Using a tool such as this matrix gives confidence in a thought through, considered approach to decision making. It can also be used to easily illustrate your thinking process to others when a decision needs to be justified. It is also easy to adjust a matrix should factors or options change to keep everything up to date.

The unique aspect of a decision matrix that makes it so useful is the weighting that has to be applied to the factors. This is not easy and requires a lot of thought and negotiation if completed with others depending on how difficult or important the decision is. Cost, for example would have a low weighting if you happen to be a millionaire, but would be much more heavily weighted if you’re not lucky enough to be rich.

In theory, you could use the decision matrix to score as many different options as you like. That would be time consuming and it is best used to make the final decision from a short list of options. With many options, you may find that you don’t spend an equal amount of time scoring each option and your predetermined prejudices are more likely to come into play.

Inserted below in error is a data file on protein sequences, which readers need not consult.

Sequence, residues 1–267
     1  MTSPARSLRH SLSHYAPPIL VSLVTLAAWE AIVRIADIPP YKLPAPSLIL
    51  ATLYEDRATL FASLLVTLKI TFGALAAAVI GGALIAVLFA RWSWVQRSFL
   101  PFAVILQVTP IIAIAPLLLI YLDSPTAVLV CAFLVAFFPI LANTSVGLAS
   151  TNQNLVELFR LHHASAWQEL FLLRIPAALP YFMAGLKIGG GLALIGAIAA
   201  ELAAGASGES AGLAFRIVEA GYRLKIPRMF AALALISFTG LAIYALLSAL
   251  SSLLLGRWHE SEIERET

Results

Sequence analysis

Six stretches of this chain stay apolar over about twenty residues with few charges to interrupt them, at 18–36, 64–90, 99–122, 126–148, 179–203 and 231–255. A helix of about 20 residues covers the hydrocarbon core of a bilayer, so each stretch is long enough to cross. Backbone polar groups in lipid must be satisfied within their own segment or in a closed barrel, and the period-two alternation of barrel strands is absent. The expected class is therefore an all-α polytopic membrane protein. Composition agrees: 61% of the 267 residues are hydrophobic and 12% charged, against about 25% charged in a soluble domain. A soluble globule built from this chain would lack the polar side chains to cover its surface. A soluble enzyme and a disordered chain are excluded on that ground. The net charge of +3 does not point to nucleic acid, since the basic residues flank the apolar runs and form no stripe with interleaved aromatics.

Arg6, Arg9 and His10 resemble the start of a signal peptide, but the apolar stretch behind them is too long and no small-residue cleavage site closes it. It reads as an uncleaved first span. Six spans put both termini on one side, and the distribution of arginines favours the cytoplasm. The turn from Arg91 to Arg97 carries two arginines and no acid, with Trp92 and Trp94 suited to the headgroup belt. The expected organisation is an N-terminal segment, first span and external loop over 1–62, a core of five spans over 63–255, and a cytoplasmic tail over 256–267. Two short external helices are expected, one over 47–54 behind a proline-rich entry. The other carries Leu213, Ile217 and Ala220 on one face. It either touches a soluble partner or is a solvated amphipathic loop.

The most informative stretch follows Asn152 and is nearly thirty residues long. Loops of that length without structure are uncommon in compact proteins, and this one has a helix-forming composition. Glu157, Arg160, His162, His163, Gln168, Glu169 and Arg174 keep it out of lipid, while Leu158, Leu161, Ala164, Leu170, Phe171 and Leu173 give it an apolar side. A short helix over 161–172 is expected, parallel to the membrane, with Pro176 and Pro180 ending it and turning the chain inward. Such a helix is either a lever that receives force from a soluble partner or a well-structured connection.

Factors can also become a very long list and time must be spent choosing differentiated one’s which avoid overlapping. It’s best to weight the factors before beginning the scoring so as to overcome the natural bias we all have to spend less time on the things we ‘know’ are less important. In practice, this bias will exist and it is impossible to ignore it completely. Being aware of it is helpful however.

A weighted decision matrix works best when every factor carries a different weighting. Try to force yourself to give one factor slightly more or less weight even if you find it really hard to differentiate between them. After all, if every factor is equally important, then there is no need to weight them at all.

The weighted decision matrix was invented by Stuart Pugh and is sometimes known as a Pugh matrix. You can download a weighted decision matrix template from our shop.